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Yes - Big Generator CD (album) cover

BIG GENERATOR

Yes

 

Symphonic Prog

2.46 | 802 ratings

From Progarchives.com, the ultimate progressive rock music website

lazland
Prog Reviewer
2 stars Son of 90125, this album took an age to record and release, had Kaye bussed out to be replaced by Eddie Jobson of UK fame, and then Kaye bussed back in again. It was an attempt to reproduce the commercial success of 90125 but does not pull it off at all. In addition, Anderson left not long afterwards (again) in a huff and so led the way for the farcical situation where there were two Yes bands effectively in existence. And we thought that Floyd had the monopoly on crass egotistical nonsense!

The album itself is nowhere near as bad as some make it out to be, but it is, without doubt, one of the weakest LPs the band released.

The start of Rhythm of Love is encouraging, with dynamic vocal harmonies and rather sampled effects before becoming a stereotypical weak pop tune. It has little of the charm that Owner and It can Happen possess.

The title track is equally poor, and could almost be described as a dance/pop/rock fusion. The vocal harmonies are, at best, confused and the backing guitars merely chug along. Very disappointing after the heights reached with the equivalent tracks on 90125.

Things improve with Shoot High, Aim Low, which shows some progressive tendancies when things degenerate again with Almost Like Love which has the band playing almost as if they have overdosed on gallons of speed. This is the central problem with this album - it's not the fact that they play pop/rock, it's very poor pop/rock.

It picks up with Love will Find a Way, which has, as its central part, a nice Anderson chorus line with the first interesting interplay with Squire & Rabin. I'm Running also is a good track, although, as with most of the tracks, it is far too disorganised to merit anything other than a casual listen every now and again. Whereas I revisit 90125 very often, and (as I will state when I review it) Talk is a terribly underrated classic, this just does not hold any interest, for prog or pop fans alike.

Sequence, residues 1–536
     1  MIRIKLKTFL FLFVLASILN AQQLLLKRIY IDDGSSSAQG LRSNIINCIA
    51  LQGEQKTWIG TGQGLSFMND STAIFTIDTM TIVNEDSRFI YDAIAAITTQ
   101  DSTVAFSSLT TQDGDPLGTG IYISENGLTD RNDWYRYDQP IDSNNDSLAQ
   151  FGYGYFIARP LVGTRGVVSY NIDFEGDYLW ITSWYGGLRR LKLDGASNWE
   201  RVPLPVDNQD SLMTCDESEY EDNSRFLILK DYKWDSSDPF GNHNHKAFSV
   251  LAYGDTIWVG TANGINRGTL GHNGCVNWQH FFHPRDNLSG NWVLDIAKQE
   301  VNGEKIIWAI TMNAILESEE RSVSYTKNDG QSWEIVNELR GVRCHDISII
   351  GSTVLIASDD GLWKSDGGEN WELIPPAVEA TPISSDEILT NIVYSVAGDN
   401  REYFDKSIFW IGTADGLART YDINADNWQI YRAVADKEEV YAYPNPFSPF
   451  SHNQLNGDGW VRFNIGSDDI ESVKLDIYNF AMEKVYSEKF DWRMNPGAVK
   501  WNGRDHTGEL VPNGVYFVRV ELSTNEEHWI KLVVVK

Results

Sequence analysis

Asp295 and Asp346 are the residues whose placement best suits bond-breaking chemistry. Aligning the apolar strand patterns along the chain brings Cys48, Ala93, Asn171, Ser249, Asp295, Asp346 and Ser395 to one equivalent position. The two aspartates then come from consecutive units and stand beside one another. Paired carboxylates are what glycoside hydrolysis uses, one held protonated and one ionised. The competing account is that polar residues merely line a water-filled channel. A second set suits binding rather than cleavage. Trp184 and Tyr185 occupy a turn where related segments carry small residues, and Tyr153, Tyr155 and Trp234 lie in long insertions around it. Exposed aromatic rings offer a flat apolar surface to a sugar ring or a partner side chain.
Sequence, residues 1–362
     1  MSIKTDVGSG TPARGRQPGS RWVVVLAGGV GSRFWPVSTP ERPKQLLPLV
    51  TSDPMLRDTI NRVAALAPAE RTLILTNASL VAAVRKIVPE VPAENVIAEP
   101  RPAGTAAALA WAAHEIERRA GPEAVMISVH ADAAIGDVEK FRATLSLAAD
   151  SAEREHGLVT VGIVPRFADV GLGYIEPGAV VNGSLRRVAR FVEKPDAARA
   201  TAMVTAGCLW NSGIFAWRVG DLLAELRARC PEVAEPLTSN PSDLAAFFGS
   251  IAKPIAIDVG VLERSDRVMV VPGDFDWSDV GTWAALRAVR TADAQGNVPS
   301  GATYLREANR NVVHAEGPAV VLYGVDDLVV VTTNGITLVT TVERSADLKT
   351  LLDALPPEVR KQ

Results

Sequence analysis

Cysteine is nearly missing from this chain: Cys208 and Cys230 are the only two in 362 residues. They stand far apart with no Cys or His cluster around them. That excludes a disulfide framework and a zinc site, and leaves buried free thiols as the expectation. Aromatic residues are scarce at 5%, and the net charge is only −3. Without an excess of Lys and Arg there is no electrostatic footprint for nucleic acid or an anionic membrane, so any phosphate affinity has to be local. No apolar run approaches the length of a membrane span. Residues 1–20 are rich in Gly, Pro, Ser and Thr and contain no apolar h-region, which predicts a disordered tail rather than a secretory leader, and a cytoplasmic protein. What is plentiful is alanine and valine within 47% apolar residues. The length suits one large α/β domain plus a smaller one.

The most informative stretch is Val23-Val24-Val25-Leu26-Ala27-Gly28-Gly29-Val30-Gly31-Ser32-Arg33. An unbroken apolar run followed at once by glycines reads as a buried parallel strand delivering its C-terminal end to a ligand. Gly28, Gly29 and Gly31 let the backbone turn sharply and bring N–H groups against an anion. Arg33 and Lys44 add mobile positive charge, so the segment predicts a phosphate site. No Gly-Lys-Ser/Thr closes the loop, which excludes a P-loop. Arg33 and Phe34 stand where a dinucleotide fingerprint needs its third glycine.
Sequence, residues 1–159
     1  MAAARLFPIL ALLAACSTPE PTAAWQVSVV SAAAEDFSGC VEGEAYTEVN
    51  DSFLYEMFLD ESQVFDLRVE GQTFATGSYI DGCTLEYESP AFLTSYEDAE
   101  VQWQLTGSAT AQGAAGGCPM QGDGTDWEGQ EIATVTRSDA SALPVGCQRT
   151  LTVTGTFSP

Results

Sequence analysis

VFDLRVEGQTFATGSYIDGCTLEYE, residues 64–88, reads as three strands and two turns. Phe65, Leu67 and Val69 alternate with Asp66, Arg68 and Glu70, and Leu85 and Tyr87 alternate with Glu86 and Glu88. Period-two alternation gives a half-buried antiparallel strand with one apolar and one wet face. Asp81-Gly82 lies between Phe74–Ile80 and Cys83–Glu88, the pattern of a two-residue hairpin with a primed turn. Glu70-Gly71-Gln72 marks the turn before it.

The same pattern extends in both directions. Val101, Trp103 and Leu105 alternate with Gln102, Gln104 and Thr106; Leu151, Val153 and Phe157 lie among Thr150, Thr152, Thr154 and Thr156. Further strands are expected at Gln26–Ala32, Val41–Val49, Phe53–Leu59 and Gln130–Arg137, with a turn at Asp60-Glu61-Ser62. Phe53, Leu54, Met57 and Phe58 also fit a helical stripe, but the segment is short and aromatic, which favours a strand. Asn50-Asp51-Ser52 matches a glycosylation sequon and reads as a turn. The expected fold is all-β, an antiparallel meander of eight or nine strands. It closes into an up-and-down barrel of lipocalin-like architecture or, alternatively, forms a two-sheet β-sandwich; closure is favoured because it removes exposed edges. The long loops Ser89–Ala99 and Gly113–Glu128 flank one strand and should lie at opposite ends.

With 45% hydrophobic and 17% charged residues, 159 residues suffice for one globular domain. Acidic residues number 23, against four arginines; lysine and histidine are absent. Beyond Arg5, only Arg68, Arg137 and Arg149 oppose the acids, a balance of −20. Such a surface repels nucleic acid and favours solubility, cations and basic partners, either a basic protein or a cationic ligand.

The saving grace for me is the final track, and the one that, allegedly, moved Rabin to fury. Holy Lamb is clearly Anderson's attempt to inject some more traditional Yes feeling into the album. Whereas on the predecessor, he succeeded across the whole piece, with this it is only really with this one track which is essentially a solo effort. I adore the Hold the Light sequence of vocals and Rabin at least has the decency to put in a good guitar solo at the end.

This album should only really be purchased by those who have to own every single Yes album, or who really want to splash out on Anderson at his best on the final track. Otherwise, it really is one to avoid, and it augured in the era of absolute high farce as far as band lineups were concerned. That, though, is a story for different reviews!

Two stars to be generous to a band that has given so much pleasure over the years.

lazland | 2/5 |

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